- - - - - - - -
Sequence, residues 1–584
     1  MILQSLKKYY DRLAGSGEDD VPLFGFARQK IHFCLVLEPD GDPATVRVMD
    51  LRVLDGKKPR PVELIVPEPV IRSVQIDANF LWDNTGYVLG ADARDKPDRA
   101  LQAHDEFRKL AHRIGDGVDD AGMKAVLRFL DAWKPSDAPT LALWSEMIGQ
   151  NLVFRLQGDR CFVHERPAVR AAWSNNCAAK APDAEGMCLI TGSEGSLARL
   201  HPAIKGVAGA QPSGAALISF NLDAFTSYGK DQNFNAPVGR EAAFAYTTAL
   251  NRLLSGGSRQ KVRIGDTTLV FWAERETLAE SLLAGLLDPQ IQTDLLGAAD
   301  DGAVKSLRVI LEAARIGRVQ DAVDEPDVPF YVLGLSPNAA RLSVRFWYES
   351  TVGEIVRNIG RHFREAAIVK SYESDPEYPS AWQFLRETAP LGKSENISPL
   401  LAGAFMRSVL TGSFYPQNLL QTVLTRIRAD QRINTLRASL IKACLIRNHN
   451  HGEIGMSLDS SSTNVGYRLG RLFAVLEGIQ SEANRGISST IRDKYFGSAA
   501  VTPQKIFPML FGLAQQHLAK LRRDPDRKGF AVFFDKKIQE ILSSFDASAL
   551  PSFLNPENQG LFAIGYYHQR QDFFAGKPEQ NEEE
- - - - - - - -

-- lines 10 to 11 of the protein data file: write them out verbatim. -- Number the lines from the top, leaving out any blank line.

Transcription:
   401  LAGAFMRSVL TGSFYPQNLL QTVLTRIRAD QRINTLRASL IKACLIRNHN
   451  HGEIGMSLDS SSTNVGYRLG RLFAVLEGIQ SEANRGISST IRDKYFGSAA